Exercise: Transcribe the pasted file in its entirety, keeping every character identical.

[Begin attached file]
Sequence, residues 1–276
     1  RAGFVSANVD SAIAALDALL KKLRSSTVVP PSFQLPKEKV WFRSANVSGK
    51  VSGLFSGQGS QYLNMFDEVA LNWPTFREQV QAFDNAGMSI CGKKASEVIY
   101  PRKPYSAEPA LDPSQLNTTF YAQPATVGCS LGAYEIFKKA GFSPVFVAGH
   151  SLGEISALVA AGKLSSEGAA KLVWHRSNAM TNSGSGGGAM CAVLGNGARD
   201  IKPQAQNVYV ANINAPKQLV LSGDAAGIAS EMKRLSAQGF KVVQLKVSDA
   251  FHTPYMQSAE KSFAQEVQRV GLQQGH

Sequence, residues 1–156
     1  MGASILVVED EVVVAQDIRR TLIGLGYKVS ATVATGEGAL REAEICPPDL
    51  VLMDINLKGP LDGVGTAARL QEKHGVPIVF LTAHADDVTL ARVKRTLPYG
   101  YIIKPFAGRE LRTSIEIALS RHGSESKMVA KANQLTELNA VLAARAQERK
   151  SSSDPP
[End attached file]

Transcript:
Sequence, residues 1–276
     1  RAGFVSANVD SAIAALDALL KKLRSSTVVP PSFQLPKEKV WFRSANVSGK
    51  VSGLFSGQGS QYLNMFDEVA LNWPTFREQV QAFDNAGMSI CGKKASEVIY
   101  PRKPYSAEPA LDPSQLNTTF YAQPATVGCS LGAYEIFKKA GFSPVFVAGH
   151  SLGEISALVA AGKLSSEGAA KLVWHRSNAM TNSGSGGGAM CAVLGNGARD
   201  IKPQAQNVYV ANINAPKQLV LSGDAAGIAS EMKRLSAQGF KVVQLKVSDA
   251  FHTPYMQSAE KSFAQEVQRV GLQQGH

Sequence, residues 1–156
     1  MGASILVVED EVVVAQDIRR TLIGLGYKVS ATVATGEGAL REAEICPPDL
    51  VLMDINLKGP LDGVGTAARL QEKHGVPIVF LTAHADDVTL ARVKRTLPYG
   101  YIIKPFAGRE LRTSIEIALS RHGSESKMVA KANQLTELNA VLAARAQERK
   151  SSSDPP